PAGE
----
"What's Wrong with Twice-weekly Pilates?" A Critical Approach
Suzy Ben Dori and Adriana Kemp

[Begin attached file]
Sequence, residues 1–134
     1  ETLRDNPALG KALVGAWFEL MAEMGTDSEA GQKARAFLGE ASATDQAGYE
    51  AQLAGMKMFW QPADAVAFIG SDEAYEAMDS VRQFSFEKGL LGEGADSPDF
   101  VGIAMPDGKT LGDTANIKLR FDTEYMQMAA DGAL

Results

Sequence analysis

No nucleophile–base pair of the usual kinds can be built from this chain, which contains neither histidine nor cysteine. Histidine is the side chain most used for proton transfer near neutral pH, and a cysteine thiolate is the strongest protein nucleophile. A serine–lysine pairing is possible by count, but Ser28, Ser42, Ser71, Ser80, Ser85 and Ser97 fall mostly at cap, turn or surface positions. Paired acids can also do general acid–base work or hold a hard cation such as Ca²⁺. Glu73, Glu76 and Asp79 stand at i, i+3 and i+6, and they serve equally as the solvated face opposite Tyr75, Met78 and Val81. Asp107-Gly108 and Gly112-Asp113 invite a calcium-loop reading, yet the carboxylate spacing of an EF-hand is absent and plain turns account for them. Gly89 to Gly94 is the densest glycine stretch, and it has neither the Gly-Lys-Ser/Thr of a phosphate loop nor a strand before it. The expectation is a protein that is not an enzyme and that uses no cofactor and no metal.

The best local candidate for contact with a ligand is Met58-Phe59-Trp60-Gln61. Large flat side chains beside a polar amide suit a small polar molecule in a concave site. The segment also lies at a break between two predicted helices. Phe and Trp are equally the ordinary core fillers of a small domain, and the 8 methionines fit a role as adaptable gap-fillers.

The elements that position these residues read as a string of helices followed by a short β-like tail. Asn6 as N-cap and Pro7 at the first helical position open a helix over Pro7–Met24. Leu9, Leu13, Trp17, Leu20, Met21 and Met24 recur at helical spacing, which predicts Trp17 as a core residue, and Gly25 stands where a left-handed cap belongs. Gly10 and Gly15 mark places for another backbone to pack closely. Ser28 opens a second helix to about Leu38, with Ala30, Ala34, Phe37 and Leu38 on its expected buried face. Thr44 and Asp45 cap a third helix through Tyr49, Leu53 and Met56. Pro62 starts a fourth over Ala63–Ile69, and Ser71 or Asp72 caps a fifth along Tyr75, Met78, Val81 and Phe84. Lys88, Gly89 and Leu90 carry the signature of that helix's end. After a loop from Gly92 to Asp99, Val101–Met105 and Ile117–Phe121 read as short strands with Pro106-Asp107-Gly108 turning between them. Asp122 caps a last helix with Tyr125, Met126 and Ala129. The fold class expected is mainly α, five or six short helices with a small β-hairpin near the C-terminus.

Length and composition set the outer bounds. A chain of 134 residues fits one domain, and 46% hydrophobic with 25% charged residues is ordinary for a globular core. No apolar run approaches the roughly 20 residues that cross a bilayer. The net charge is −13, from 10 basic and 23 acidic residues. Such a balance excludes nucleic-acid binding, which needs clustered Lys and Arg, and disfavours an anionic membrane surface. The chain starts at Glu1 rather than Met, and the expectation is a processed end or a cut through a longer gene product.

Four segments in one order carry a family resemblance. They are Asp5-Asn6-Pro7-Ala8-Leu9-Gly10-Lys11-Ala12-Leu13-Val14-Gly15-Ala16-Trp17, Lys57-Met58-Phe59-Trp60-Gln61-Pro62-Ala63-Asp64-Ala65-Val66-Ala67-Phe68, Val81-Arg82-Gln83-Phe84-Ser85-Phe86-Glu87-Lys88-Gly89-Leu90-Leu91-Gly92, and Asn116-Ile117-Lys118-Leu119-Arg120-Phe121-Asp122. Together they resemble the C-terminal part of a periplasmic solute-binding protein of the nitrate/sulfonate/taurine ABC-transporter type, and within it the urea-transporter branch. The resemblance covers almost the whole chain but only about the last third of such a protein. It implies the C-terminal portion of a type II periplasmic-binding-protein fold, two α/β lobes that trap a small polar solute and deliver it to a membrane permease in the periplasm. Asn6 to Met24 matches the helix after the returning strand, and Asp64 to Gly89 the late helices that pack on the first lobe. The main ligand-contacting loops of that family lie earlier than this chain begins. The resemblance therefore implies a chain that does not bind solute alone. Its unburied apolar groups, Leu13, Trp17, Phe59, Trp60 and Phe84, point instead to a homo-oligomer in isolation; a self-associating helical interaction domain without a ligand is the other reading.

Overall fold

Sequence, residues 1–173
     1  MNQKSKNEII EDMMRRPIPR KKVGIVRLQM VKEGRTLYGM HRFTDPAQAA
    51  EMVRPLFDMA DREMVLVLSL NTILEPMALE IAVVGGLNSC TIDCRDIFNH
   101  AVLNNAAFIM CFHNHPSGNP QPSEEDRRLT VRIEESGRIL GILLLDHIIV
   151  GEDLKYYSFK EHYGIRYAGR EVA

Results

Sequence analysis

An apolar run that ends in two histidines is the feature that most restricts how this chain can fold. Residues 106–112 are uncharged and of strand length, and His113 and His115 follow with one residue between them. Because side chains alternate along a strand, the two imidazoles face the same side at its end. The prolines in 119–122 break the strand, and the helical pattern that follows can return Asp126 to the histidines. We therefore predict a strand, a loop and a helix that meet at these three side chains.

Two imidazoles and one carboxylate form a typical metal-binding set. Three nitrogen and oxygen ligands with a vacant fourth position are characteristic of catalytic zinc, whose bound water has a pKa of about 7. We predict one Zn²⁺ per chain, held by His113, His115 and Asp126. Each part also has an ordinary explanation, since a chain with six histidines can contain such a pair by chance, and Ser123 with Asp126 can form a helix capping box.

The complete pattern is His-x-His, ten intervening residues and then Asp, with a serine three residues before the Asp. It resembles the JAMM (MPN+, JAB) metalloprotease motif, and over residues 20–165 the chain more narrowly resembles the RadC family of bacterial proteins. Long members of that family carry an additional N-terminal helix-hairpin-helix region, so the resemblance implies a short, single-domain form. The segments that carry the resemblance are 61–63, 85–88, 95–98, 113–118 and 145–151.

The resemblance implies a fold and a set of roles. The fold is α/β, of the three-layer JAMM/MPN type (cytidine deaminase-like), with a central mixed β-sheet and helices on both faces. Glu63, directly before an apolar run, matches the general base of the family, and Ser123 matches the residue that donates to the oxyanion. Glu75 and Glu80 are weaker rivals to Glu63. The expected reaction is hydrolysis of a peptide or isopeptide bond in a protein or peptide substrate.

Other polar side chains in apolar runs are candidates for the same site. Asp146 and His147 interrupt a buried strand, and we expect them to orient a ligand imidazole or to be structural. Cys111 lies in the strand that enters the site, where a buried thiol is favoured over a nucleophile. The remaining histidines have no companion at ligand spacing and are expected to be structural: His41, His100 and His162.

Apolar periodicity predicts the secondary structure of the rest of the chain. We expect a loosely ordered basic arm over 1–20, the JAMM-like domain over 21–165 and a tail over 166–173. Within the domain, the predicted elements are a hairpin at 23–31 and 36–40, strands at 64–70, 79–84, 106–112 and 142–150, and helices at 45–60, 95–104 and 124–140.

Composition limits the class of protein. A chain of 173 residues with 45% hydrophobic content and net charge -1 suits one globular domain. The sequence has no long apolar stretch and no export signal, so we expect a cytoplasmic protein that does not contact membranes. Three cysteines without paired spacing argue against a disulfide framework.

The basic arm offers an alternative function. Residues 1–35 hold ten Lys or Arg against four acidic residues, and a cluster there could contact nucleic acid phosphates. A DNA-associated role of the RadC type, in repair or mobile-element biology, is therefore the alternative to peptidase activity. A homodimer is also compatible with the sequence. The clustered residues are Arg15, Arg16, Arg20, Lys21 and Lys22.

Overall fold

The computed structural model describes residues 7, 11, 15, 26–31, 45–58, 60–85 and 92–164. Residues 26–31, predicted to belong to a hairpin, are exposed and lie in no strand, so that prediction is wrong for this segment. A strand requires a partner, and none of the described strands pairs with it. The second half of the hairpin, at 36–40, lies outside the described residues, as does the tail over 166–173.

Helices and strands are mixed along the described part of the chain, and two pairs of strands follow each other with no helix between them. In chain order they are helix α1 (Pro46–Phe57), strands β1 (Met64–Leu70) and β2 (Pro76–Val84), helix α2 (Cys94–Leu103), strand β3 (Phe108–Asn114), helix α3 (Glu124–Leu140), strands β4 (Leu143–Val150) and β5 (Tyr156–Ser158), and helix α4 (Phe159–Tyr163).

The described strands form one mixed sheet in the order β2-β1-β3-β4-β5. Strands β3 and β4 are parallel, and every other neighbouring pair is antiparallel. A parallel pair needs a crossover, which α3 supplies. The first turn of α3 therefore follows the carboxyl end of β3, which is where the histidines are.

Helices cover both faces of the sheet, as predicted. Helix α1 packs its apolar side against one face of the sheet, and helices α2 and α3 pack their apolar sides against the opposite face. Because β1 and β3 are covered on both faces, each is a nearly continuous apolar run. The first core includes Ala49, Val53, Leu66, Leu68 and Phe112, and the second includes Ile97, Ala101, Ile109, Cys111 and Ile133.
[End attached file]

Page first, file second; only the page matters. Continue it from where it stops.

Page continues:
The popularity of endurance sports in Israel has grown considerably in recent decades, particularly among women aged 40-60. Why do women take part in these demanding sports, and what keeps them there? This article explores these questions from a critical perspective, combining sociology of sport, gender, and the life course perspective. Based on in-depth interviews with 15 women aged between 40 and 60, the article examines how marathon and ultra-marathon runners and "iron women" experience their participation in this arena, and how their experiences correspond with social constructs and normative perceptions of age, body, and gender. The findings show that the women challenge the popular discourse that situates them in a biomedical "age of transition" and frames their activity as a syndrome. Instead, they link their activities to crossing multiple cultural boundaries through temporal embodied transitions. These transitions undermine the stability of definitions of femininity and masculinity; liberate the body from the cultural constructs regarding age, body, and gender; and create new identity options for the participants as athletes, women, and individuals. Phenomenological examination of the embodied transitions' temporal aspects allows a critical reading of the dominant perceptions of time and age, while illuminating the inherent potential of the endurance sports arena to enrich images and representations of women at these ages, and cultivate a new feminine narrative.